Now that some of the smoke has cleared after the latest Battle of
Dybbøl Kruså it may be time for some observations about the entire story:
1. That the Danish People’s Party would want “something” related to law and order and/or immigration in return for its support for a reform of the Early Retirement Benefit was expected. If we had been better aware of DPP’s own propaganda, we would have known that border controls were on the agenda.
2. Police, customs officers and reseachers tell us that border controls are not the most effective means of stopping smuggling and other forms of crime. This inevitably raises the issue of symbolic politics. We know that the DPP wants Denmark to leave the Schengen Agreement (which it can do unilaterally) while the Liberals and Conservatives are being deliberately unclear about the issue (see also #4)
3. Trying to gauge the level of controls is not easy. The agreement document talks about “permanent and visible” controls as well as “targeting of suspicious individuals” but what is actually meant is still difficult to assess even for a seasoned reader of political documents like yours truly.
4. Political scientists have been yakking about “multilevel governance in the EU” for a decade and more. That the border controls were decided without any serious reference to the EU or even the Swedish and German government raises a number of issues: Did the Danish government deliberately omit contacting the EU, Sweden and Germany (the exclusion of the Foreign Office would point in this direction) or was this an oversight due to the speed of the negotiations. In any event, the lack of understanding of the international/EU dimension among politicians and commentators in relation to this issue is significant. Note also the very superficial coverage of the EU in the prime minister’s speech at the closing debate of the 2010/11 parliamentary year.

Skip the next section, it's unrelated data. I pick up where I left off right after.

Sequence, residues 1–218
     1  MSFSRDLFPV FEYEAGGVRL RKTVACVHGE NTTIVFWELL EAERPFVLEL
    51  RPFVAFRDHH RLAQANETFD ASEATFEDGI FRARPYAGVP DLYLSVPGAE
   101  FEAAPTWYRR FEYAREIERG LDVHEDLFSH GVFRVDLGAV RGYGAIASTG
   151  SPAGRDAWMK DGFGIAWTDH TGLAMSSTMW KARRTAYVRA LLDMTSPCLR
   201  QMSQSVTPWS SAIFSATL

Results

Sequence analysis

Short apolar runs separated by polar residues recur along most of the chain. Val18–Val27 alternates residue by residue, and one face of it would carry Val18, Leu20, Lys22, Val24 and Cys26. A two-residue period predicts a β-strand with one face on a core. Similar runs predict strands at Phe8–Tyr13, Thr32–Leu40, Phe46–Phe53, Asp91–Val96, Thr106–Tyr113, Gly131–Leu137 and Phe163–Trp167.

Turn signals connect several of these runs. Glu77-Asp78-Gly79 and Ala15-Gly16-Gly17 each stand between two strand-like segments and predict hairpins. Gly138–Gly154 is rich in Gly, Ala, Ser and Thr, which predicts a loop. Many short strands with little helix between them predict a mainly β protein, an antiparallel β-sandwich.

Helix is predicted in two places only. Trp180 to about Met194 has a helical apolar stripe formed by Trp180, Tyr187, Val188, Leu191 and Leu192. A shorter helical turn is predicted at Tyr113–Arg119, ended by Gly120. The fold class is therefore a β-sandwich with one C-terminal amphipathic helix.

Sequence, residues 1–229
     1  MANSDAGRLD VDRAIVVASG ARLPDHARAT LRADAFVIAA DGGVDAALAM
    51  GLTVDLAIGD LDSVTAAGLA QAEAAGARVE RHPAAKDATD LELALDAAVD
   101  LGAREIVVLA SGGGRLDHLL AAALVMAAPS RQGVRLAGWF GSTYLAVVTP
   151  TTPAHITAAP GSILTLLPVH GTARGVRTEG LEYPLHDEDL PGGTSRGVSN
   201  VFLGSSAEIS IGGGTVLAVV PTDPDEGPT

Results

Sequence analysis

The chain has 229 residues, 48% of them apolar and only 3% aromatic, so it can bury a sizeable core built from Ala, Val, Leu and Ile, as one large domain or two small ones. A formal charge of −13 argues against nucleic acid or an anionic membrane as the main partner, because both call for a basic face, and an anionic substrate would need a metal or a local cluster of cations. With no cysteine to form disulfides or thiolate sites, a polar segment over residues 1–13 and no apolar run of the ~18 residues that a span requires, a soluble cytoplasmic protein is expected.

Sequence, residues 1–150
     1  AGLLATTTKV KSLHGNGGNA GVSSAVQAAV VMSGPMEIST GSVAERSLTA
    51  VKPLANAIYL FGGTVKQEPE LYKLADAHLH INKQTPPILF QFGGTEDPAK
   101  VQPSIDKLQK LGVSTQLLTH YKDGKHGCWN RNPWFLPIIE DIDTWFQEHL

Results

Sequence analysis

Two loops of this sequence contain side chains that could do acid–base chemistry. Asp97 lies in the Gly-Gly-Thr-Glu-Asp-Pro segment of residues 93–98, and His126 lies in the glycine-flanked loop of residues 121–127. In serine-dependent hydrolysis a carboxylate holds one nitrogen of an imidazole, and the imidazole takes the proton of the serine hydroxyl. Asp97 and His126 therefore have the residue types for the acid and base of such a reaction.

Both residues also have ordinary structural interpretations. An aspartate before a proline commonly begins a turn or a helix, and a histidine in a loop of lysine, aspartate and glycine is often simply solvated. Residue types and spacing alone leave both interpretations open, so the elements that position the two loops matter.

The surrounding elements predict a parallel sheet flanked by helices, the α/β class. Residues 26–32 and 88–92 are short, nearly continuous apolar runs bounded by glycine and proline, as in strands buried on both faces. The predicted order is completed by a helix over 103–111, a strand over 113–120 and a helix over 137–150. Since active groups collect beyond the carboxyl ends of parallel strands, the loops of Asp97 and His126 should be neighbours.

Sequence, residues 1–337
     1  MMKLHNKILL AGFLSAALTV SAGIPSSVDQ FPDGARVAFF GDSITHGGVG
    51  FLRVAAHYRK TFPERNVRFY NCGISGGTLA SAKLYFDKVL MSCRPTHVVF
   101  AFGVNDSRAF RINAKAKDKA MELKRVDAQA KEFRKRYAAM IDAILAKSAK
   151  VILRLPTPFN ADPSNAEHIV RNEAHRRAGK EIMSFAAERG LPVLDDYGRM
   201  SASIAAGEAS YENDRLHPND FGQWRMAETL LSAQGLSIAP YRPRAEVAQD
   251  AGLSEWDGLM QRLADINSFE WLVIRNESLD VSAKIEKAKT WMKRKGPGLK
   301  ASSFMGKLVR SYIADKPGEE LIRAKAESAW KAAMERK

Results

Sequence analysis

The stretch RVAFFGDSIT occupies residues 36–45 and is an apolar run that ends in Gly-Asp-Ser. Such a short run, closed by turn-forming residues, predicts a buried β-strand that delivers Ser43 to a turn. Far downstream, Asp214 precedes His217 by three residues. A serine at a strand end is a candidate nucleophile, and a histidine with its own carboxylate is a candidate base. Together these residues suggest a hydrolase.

5. It is reasonable to assume that the German government is not particularly interested in the relations with Denmark per se (case in point: The lack of German interest in the Fehmer Belt conncetion – Denmark is not an economically important partner for Germany), but the Danish reintroduction of border controls (or whatever) linked with the role played by the DPP raises the specre of governments appeasing populist sentiments and parties (France, Poland, Netherlands, Finland) by withdrawing from EU commitments.
6. Whether by design or accident, the DPP’s ability to conquer the political agenda remains impressive. This episode still may not have a major impact on the coming election campaign, though, even if Pia Kjærsgaard (as the only speaker) did make the EU and border controls the main topic of her speech at the Folketing’s closing debate.
7. The entire Marlene Wind story would demand a separate post. Let me just say that there are things to discuss both in general and in relation to the specific issue.